Author
Landry, Vincent
Drouin, M.
Date
March 2011
Edition
39373
Material Type
Research report
Field
Sustainable Construction
Author
Landry, Vincent
Drouin, M.
Contributor
Natural Resources Canada. Canadian Forest Service
Date
March 2011
Edition
39373
Material Type
Research report
Physical Description
18 p.
Sector
Wood Products
Field
Sustainable Construction
Research Area
Advanced Wood Materials
Subject
Glue
Series Number
Valeur au bois no FPI-207
E-4713
Location
Québec, Québec
Language
French
Abstract
Bien que les produits de finition à base d’eau constituent une avenue prometteuse pour les manufacturiers de meubles et d’armoires de cuisine, ces produits semblent provoquer l’apparition non désirable des joints de colle reliant les composants de bois. Ce projet de recherche avait pour objectif d’analyser ce phénomène. L’apparence des lignes de colle de panneaux lamellés-collés a été analysée suite à l’application de produits de finition à base d’eau dans le but d’identifier les combinaisons de colle/produit de finition causant l’apparition de cette problématique. Six colles fréquemment utilisées en industrie et quatre systèmes de finition, dont trois à base d’eau et un à base de solvant, ont été testés sur des panneaux de bois massif lamellés-collés et sur des panneaux particules. L’apparence des lignes de colle a été analysée visuellement et aussi à l’aide d’un profilomètre afin de mesurer de façon précise la topographie de surface des échantillons vis-à-vis les joints de colle. Ces manipulations n’ont toutefois pas permis de recréer la problématique des joints de colle trop apparents rencontrée par certains industriels. Suite à la fabrication des panneaux et à l’application des produits de finition, les lignes de colle n’étaient pas plus visibles qu'ordinairement en industrie avec l’utilisation des produits de finition à base de solvant. Les échantillons ont été conditionnés à un cycle d’humidité dans le but de constater l’effet de l’humidité sur la finition des panneaux. Ce traitement a engendré une augmentation de l’apparence des lignes de colle sur plusieurs échantillons, mais ce, autant sur les échantillons traités avec les systèmes à base d’eau que sur ceux traités avec le système à base de solvant.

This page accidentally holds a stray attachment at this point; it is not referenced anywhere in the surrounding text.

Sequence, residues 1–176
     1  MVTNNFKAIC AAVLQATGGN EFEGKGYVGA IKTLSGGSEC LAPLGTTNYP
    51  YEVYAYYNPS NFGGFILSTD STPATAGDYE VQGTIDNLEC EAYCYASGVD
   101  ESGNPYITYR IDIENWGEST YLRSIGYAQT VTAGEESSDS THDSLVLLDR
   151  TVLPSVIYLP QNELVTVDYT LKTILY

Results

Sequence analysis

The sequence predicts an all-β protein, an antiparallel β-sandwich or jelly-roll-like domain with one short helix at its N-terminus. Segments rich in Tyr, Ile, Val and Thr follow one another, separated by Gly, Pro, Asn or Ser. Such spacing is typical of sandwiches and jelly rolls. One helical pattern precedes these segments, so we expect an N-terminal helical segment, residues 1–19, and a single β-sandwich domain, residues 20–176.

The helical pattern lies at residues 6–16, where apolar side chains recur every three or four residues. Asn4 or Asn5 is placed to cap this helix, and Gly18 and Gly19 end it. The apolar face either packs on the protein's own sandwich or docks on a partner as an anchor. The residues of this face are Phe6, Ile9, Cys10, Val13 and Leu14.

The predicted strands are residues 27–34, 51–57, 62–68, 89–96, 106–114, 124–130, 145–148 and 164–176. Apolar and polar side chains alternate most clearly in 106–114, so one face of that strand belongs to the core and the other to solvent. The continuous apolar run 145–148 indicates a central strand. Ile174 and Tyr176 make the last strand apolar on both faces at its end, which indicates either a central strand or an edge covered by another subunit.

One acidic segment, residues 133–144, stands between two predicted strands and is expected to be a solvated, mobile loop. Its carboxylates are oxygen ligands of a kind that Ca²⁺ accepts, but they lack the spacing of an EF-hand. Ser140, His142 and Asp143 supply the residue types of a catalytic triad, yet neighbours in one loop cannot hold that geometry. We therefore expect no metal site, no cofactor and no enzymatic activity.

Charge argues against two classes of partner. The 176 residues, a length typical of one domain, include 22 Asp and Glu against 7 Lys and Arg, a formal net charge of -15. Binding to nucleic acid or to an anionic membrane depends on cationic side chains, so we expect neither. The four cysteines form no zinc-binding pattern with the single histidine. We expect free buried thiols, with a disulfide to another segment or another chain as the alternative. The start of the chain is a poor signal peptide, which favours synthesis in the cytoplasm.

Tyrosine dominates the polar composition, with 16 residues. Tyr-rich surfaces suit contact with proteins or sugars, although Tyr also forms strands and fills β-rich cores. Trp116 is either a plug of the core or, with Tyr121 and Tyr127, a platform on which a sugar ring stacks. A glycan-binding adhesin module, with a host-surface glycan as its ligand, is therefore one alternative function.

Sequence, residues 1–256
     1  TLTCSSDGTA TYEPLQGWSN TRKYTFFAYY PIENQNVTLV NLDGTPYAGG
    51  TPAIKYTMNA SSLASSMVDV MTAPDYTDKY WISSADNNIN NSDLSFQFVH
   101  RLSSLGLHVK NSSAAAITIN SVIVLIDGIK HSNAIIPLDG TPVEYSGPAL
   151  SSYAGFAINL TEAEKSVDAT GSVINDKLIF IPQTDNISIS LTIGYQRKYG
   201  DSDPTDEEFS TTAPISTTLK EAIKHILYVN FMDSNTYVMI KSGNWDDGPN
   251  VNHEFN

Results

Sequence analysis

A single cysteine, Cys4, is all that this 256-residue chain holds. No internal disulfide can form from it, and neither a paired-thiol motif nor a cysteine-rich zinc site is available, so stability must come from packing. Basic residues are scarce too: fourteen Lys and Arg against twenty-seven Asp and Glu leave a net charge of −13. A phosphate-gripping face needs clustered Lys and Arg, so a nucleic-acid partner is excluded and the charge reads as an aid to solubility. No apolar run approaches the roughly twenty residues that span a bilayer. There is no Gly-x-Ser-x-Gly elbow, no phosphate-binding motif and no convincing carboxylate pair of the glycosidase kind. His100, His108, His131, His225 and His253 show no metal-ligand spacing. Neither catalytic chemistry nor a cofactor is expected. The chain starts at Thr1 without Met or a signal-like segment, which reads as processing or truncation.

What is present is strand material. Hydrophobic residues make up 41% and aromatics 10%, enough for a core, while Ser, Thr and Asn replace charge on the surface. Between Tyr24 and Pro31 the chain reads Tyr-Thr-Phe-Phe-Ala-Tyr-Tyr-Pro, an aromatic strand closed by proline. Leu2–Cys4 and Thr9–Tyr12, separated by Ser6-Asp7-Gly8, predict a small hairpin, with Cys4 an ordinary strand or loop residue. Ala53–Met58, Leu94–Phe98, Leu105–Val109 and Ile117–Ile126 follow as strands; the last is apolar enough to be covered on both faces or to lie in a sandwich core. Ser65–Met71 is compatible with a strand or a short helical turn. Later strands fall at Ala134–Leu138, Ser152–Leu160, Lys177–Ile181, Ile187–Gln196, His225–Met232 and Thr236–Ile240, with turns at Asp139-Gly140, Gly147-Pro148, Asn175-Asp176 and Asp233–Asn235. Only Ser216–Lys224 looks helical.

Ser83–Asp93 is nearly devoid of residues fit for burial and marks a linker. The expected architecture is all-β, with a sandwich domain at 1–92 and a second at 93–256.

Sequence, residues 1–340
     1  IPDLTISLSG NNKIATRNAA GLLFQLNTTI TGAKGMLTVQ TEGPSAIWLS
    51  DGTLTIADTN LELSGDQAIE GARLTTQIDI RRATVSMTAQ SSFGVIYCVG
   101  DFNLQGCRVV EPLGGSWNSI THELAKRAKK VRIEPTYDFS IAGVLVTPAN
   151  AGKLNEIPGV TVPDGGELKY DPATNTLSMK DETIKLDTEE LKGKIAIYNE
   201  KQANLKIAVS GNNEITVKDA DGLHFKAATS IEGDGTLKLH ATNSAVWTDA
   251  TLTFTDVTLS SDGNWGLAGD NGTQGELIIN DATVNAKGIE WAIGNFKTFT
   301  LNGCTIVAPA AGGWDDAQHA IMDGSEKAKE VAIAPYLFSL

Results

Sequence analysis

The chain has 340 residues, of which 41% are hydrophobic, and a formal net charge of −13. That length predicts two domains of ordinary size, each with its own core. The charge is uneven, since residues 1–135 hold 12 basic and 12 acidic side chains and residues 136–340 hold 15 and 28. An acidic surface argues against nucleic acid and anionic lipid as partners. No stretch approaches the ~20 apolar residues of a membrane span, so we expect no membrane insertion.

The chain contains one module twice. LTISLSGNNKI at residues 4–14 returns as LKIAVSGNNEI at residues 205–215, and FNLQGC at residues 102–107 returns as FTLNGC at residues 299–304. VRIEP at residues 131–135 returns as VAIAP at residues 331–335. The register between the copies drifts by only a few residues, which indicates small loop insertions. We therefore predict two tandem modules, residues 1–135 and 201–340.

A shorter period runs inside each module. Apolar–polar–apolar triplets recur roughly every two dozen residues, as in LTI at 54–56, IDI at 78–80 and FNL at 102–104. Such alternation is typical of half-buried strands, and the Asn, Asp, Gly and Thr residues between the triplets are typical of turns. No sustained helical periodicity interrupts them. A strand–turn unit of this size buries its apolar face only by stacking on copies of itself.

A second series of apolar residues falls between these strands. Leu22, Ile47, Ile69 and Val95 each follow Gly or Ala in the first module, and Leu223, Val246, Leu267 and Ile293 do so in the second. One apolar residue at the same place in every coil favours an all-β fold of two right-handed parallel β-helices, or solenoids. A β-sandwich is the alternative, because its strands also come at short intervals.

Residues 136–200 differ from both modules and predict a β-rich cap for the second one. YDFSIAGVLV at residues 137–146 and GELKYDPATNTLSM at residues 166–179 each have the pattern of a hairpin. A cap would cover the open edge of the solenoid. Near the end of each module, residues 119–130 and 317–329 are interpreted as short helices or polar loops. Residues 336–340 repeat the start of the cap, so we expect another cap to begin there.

Glue line
Coatings
Documents
Less detail

Assemblage des éléments en CLT

https://library.fpinnovations.ca/en/permalink/fpipub42937
Author
Mohammad, M.
Munoz, W.
Date
January 2011
Material Type
Research report
Field
Sustainable Construction
Author
Mohammad, M.
Munoz, W.
Date
January 2011
Material Type
Research report
Physical Description
78 p.
Sector
Wood Products
Field
Sustainable Construction
Research Area
Building Systems
Subject
Timber
Laminate product
Building construction
Design
Language
French
Abstract